In a truly advanced society housing is something that people should not have to fight for to attain, but nor should it be a substitute for work and the production of goods which actually benefit that society. It should be the role of all governments, whatever their political complexion, to curb the excesses where such excess produces a distortion and mismatch between normal economic wealth and unsustainable property inflation.

Of course the Bulls will see this post as a threat to capitalism, or a socialist rant. It is neither. The exploitation of spiralling housing costs has absolutely NOTHING to do with enterprise. At its core, it is a self dillusion that somehow getting rich from housing is a contribution to free enterprise and healthy capitalism. It is precisely the opposite. Real enterprise involves real work.

It is not desirable for house prices to collapse, neither is it desirable for them to spiral out of control. We need a housing policy which provides for all at a reasonable cost and without the need for anxiety on the part of those who are as yet out of the loop. You cannot describe a nation as advance or civilised if a significant proportion of its population has to run through hoops just to get a roof over its head.

To this end the vast majority of estate agents and other property professionals are grossly irresponsible in perpetuating the myth that permanently rising prices are desirable. They do so for entirely selfish reasons.


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The housing market is really two linked markets, one for houses and one for land. These two assets are treated quite differently; one house price may be dominated by its building cost, since it is built on freely available land, whereas another (eg in central London) may have its price dominated by the land value (for example my £500K terraced house has a £145K rebuild cost).

Houses can be improved or new ones built. Land values can be changed (new towns, fashionable areas, flooding etc).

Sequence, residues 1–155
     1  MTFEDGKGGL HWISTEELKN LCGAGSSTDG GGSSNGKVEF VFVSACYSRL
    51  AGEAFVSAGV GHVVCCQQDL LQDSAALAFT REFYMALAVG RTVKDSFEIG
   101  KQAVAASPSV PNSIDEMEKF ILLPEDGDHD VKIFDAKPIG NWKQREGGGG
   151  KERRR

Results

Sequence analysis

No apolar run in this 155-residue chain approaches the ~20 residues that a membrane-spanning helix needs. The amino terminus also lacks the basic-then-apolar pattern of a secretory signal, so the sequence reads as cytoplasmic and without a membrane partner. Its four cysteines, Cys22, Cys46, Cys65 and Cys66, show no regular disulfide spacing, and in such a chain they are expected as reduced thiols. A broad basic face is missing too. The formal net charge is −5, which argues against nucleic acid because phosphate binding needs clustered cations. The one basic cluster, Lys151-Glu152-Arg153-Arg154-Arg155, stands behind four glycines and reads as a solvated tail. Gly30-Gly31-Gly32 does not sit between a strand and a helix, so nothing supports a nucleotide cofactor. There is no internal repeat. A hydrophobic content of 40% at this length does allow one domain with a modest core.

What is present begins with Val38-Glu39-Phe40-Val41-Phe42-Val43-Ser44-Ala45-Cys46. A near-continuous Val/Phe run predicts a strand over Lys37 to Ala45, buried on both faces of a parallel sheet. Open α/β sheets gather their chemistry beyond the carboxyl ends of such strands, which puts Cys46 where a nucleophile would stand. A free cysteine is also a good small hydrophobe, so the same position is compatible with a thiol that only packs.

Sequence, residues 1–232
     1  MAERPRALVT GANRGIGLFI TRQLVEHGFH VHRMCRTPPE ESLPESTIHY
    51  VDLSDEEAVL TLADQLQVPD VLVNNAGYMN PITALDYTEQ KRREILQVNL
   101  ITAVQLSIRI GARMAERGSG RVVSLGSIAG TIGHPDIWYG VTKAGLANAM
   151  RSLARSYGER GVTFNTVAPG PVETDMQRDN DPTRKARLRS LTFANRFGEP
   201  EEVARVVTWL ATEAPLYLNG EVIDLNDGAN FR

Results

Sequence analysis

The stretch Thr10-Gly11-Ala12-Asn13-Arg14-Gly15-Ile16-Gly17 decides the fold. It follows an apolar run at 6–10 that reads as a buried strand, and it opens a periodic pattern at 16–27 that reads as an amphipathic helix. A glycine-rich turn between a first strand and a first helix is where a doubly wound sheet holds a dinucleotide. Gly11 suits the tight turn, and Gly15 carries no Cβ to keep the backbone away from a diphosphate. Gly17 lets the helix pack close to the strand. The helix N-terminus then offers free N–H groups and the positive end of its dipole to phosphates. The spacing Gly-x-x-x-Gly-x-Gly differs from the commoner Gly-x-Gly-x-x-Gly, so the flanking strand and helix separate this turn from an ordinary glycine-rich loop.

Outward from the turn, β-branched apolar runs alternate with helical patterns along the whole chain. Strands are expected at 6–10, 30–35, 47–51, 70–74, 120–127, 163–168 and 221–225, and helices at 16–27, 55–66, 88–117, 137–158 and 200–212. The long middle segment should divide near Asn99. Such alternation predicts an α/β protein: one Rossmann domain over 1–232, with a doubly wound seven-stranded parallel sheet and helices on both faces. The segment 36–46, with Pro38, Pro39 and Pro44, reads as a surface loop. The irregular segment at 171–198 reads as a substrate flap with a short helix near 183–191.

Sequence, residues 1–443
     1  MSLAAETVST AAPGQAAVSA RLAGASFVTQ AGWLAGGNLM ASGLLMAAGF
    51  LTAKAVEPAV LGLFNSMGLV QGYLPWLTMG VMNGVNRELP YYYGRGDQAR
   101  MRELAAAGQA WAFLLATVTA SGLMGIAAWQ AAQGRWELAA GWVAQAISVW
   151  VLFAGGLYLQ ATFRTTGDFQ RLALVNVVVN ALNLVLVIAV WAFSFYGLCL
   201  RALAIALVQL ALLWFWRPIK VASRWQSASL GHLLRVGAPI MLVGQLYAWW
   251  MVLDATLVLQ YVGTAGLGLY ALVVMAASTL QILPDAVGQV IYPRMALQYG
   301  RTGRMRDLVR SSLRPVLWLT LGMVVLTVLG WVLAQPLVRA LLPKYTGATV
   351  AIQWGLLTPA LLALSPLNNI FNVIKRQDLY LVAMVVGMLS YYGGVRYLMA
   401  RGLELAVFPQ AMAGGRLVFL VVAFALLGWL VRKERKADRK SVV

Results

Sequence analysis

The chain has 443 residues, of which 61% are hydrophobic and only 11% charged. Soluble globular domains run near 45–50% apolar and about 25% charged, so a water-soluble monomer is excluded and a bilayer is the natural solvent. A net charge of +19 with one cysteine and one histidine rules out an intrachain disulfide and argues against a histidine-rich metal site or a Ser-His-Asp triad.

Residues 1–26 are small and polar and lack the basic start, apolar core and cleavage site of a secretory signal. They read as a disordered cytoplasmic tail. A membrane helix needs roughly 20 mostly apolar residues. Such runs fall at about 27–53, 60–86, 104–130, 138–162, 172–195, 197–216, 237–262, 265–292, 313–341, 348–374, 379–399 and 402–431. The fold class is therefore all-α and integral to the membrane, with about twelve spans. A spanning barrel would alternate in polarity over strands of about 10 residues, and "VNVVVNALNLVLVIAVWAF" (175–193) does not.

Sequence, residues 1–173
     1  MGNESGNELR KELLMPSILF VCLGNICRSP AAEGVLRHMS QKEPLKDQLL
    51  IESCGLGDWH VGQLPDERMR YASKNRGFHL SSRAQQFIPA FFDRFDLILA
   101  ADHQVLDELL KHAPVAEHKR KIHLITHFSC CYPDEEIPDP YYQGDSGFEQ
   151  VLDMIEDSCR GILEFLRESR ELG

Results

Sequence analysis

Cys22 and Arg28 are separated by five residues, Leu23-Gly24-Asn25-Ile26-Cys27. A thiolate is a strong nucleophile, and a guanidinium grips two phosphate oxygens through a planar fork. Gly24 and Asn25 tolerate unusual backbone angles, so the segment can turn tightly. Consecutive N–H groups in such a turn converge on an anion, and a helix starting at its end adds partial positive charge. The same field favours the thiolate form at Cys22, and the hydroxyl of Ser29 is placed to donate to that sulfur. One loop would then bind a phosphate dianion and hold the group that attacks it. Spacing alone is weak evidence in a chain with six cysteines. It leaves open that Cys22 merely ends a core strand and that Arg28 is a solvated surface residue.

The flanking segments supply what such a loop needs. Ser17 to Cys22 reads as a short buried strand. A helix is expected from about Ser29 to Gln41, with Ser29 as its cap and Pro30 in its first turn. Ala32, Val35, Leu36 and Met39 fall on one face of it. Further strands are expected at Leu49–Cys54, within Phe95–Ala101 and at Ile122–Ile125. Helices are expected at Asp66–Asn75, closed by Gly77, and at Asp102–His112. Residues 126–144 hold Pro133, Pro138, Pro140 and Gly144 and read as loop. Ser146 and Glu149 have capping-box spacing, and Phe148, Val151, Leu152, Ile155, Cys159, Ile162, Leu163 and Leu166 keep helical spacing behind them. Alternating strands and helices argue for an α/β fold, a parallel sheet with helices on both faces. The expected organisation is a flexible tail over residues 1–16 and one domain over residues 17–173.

These processes are linked, but not identical. You can build a brand new house and then watch its value drop due to local flooding. Or you can buy a old house and watch its value rise as the area becomes fashionable.

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The land is the asset VP & the house is the liability. To keep the liability running in line with the rest of the market, it needs to be maintained & upgraded when necessary.

The exclusive right to use the land in perpetuity is what helps it be valuable. Without that, it would just be a liability (see leasehold flats for an example).

Antiques & any other commodity were produced in the past and will continue to be produced in the future (today's Beckham shirt is tomorrow's antique). There is no limit whatsoever on how much can be produced so therefore bubbles are much more likely in this market.

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Dr Bubb,

Your own "agree" statement answers your "disagree" statement. By "true" profit I suppose I meant exactly what you said in your "agree" paragraph: ie: it may be a tangible and lucky profit for you, but your profit is someone else's loss!

In the production and sale of goods and services, the idea is that everyone profits either from cash made by the seller or the usefullness to the buyer in relation to the price of the goods. On this last point current housing prices fail to pass the test.